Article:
Yesterday, 11:21 pm  #337  
Octode
Join Date: Sep 2007
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Re: Audiophoolery. 'Cable Break In'  I never knew that!
Quote:
I should take a step back. Just to be clear, I'm not saying that the three distinct versions of the general solution that are so commonly used are in any way wrong. The general solution contains terms of the form A*exp(z) where A and z are both (potentially) complex. Interpreting the 'real world' meaning of those terms requires a familiarity with complex variables which people who use them regularly have. Unfortunately I stopped using them regularly a little more than 30 years ago, so I'd need to spend some time refamiliarising myself with them before I could write down the general solution reliably. Even more unfortunately I don't have that time to spare these days. What brought me into this discussion was the debate about whether the three representations of the answer were distinct or not. They're really not distinct other than in terms of their ease of use with respect to calculators. They're fundamentally the same thing. But if you're constrained to using a calculator that can't handle complex variables (I've never owned one that can) then I fear you can't avoid the need for something cleverer (a human) to intervene and work out which of the three representations the calculator will be able to work with. Cheers, GJ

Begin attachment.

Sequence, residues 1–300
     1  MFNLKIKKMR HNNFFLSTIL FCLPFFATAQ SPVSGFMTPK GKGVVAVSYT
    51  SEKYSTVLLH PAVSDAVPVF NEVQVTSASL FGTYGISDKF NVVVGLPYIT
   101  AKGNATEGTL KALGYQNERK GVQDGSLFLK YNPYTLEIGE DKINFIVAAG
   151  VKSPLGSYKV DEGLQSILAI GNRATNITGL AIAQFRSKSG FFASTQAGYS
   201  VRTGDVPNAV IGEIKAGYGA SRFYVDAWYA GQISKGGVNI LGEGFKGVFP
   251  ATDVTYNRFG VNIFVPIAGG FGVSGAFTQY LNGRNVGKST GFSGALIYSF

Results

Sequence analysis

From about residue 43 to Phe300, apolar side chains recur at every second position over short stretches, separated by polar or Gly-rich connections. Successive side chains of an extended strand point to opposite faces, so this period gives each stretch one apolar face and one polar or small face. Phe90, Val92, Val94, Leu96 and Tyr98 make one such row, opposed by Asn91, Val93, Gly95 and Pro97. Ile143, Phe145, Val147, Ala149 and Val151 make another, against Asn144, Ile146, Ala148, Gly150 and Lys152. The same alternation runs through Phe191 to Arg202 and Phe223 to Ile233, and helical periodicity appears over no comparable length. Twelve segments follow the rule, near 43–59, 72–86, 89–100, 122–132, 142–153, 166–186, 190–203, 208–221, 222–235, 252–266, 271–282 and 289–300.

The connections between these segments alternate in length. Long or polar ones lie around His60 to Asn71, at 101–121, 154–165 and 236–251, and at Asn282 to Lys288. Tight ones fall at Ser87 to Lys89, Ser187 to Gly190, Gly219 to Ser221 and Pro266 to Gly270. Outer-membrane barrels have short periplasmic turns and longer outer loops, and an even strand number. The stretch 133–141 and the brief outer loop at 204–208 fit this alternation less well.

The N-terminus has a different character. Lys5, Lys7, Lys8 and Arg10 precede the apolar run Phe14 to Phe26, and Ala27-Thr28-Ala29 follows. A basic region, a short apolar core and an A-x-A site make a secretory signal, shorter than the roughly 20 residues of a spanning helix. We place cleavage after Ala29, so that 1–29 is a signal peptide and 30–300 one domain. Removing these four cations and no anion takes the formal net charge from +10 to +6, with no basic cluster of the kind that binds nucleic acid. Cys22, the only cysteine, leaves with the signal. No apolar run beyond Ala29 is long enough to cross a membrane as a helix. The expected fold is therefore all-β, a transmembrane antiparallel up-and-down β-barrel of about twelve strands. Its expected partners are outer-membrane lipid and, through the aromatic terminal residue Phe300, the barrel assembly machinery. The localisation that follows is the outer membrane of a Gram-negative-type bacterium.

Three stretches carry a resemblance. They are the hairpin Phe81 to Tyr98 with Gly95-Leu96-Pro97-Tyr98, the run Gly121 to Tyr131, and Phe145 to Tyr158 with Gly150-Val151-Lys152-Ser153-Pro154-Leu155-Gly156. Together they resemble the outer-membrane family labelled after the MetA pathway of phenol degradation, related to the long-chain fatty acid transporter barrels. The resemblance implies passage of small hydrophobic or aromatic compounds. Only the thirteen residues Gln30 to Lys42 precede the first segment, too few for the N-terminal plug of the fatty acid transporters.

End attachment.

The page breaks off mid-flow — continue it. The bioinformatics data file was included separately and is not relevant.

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Yesterday, 11:42 pm  #338 
Dekatron
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Re: Audiophoolery. 'Cable Break In'  I never knew that!
The audio industry has a poor record when it comes to misleading marketing. Look at maximum power ratings, distortion and power measurements taken at 1kHz, and so on. Listening to test tones is not to everybody's taste and there is a need for a specification that reflects normal operating conditions (sounds like dieselgate?).
The reality is two systems with identical specification are not going to sound the same. Intermodulation distortion in speakers must far outweigh any other distortion contributor but it gets no mention and the trend for smaller and longer excursion bass drivers must be making this worse. Engineering and science has failed to provide meaningful standards for audio so it is perhaps unsurprising that consumers resort to blindly following the marketing twaddle. 
Today, 12:07 am  #339 
Dekatron
Join Date: Mar 2012
Location: Fife, Scotland, UK.
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Re: Audiophoolery. 'Cable Break In'  I never knew that!
I quite regularly express frequency as a complex variable in equations representing the transfer function of a network. The roots of the equation then can be analysed fairly easily and the patterns they make relate to recognisable solutions.